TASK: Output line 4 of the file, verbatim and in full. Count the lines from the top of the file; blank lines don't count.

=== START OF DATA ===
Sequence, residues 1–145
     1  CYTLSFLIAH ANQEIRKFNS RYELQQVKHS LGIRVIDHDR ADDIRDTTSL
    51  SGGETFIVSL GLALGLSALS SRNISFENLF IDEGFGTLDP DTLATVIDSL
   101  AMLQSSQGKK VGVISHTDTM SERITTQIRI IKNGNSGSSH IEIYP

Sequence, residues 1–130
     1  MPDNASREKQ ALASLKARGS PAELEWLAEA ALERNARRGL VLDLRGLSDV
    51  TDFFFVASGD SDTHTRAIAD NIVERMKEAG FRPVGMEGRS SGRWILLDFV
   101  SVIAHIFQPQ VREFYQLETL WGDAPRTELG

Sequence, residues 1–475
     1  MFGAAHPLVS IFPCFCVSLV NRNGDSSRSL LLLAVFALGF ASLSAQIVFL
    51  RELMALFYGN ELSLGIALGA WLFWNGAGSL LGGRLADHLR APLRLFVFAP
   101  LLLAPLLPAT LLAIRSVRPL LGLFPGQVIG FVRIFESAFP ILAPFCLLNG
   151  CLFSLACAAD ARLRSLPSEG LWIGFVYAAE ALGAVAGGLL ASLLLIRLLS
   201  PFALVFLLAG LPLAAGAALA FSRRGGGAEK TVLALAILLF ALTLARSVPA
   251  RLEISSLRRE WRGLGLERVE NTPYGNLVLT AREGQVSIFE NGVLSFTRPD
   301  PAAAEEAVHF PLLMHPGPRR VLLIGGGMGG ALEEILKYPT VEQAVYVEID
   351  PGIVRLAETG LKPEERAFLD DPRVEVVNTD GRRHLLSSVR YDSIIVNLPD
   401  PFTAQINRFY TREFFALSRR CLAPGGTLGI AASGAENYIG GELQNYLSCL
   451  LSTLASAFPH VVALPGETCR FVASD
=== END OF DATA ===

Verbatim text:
   101  AMLQSSQGKK VGVISHTDTM SERITTQIRI IKNGNSGSSH IEIYP